Diamond mining contributes roughly a tenth of Namibia’s gross domestic product, and its offshore contract with De Beers is a 50-50 partnership with the government. But while the soaring revenue has made some Namibians rich, this remains the world’s third most unequal country, according to the World Bank, with millions of people unaided by the diamond rush.

Debate over ecological damage
Although Namibia is considered the easiest place to extract offshore diamonds, mining executives are not ruling out exploring other stretches of ocean. Marine mining has also taken place off the coast of South Africa, though it has proven less lucrative.

“Never say never,” Cleaver said.

But environmental groups have raised concerns about the offshore mining operations, which spew the sediment back into the ocean after it is processed for diamonds. Companies also plan to begin mining offshore for gold in coming years, with one commercial operation scheduled to launch in 2018 off Papua New Guinea.

“My concern with this and all deep-sea mining is that we just don’t know much about the deep sea at all,” said Emily Jeffers, an attorney with the Center for Biological Diversity, a U.S. nonprofit organization. “The worry is that we are going to irreparably harm this environment and these species before we discover them.”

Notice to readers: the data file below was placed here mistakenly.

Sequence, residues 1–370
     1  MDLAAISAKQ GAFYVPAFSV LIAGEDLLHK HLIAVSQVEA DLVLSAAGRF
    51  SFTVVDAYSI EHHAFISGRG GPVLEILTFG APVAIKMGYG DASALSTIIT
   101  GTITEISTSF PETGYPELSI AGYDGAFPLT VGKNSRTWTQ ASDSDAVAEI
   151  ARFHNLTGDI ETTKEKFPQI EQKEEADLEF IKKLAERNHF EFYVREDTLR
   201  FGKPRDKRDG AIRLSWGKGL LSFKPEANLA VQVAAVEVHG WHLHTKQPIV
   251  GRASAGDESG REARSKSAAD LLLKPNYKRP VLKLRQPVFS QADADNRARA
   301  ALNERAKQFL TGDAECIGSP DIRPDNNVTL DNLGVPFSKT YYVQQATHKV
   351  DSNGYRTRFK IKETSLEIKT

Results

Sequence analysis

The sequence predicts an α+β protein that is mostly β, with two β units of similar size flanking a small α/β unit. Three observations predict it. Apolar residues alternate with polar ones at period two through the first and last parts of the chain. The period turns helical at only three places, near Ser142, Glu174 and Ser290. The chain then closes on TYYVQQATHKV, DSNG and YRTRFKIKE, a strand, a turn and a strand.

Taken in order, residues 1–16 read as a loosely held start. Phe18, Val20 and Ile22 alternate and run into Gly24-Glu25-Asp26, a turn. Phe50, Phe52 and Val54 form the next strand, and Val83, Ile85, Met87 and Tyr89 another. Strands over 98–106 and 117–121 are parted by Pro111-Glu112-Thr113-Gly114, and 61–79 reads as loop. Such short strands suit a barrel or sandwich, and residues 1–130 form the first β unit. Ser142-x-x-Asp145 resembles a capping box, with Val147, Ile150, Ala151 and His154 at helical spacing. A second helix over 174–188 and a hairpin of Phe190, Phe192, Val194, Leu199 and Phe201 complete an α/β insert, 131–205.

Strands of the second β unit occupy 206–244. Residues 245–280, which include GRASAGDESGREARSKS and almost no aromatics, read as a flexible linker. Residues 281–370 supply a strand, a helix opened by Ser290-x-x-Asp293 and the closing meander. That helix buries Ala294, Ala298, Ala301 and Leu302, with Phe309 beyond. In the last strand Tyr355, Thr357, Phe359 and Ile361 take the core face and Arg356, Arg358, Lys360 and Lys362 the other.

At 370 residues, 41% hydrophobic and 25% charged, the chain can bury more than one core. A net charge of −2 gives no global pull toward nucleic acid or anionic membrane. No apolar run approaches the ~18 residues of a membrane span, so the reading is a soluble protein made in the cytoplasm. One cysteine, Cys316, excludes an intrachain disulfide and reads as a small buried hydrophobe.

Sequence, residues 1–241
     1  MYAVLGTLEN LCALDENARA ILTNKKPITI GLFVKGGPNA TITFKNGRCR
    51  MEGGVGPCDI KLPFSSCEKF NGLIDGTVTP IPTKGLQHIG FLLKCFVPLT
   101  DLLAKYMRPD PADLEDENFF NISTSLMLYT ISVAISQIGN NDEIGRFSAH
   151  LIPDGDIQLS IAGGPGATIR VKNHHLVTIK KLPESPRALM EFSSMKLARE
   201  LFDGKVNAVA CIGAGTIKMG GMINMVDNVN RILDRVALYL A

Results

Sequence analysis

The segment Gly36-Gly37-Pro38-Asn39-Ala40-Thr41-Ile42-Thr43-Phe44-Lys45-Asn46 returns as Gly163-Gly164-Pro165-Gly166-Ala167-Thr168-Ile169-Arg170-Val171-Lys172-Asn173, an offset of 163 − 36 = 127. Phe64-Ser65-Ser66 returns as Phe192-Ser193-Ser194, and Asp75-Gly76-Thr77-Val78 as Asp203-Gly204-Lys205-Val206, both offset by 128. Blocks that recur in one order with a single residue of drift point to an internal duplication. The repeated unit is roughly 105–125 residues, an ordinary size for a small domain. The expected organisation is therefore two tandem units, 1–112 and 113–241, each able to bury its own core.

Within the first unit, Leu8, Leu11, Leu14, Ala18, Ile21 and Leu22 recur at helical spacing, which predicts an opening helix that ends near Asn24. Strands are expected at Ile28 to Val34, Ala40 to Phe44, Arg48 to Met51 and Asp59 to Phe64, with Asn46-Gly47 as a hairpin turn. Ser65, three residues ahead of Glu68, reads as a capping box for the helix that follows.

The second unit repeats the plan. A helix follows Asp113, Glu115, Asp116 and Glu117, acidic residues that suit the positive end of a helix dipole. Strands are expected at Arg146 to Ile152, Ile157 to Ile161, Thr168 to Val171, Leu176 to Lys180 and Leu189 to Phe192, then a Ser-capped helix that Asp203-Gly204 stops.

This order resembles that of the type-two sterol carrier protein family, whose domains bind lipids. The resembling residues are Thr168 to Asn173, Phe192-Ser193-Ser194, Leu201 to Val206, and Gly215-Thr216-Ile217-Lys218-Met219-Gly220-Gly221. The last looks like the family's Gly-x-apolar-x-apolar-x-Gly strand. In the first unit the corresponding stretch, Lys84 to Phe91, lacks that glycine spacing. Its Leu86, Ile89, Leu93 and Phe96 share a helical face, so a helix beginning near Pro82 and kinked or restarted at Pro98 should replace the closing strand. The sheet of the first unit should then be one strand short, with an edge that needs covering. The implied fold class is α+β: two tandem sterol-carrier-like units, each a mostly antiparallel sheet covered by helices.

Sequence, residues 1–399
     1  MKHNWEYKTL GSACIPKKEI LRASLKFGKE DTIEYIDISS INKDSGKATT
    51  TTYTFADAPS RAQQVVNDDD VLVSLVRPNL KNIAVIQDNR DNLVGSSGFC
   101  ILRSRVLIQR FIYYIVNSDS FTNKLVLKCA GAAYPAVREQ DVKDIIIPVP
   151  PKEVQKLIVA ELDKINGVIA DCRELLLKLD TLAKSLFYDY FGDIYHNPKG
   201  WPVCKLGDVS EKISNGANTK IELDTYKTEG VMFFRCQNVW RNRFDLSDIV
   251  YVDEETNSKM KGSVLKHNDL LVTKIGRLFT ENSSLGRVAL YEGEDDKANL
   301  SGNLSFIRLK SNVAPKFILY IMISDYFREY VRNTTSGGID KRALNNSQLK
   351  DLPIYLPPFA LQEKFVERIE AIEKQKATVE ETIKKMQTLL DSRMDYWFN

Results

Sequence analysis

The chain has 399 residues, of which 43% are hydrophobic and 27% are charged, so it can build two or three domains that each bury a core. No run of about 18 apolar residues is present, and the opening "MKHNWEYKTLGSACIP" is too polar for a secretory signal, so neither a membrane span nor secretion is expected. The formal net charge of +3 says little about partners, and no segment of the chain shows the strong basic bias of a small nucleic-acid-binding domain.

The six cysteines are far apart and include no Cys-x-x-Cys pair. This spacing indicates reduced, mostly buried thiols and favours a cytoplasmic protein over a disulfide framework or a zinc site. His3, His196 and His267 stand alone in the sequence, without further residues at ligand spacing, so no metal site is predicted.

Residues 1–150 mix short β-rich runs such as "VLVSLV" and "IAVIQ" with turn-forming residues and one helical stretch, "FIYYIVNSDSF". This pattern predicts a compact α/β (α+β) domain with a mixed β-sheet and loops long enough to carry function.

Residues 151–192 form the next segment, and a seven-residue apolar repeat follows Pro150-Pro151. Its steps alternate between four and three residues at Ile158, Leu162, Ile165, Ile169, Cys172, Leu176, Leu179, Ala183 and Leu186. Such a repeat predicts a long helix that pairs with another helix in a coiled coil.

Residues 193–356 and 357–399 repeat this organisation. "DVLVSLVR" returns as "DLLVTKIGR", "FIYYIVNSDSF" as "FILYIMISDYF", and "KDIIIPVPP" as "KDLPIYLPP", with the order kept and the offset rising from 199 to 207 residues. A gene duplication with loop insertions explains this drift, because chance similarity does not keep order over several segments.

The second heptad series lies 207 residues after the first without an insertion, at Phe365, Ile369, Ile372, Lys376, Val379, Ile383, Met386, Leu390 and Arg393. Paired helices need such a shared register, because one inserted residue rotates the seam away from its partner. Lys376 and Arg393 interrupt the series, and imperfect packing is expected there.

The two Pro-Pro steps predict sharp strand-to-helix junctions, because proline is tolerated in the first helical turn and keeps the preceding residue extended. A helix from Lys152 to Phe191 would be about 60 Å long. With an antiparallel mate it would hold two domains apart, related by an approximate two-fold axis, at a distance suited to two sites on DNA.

De Beers says its offshore operations do not cause significant ecological damage, as sediment is returned to the sea and eventually resettles. The company says it employs ecologists who monitor the environment where they have mined to make sure it is recovering.

Sitting on the bridge of the Mafuta one recent day, a middle-aged South African man named Leonard Bunce manned the joysticks that control the dredging equipment. In front of him, a series of screens showed a live stream of various stages in the mining process. Sometimes, he said, he sees fish and octopus sucked up by the hose, but they appear to survive as they are dumped back into the sea.

Mostly, what Bunce saw that day were the tons and tons of sediment churned into the vessel — any diamonds indistinguishable on his screen. The culling process is entirely mechanized, and the diamonds are only visible to workers when they are dropped into the can. When enough of the gems accumulate there, the can is sealed and flown to Windhoek, Namibia’s capital.

That is where, in an office on the 11th floor of a nondescript building, Peter Kayser inspects high-value diamonds that could be worth anywhere from tens of thousands to millions of dollars.

One day last month, his attention was on a diamond about the size of the tip of his thumb that had recently been vacuumed up from the ocean floor. He passed the gem through a machine that calculated its weight. It took a few moments before the number flashed on a screen: at least seven carats.

Kayser smiled.

“This could be a very expensive stone.”

By Kevin Sieff WashingtonPost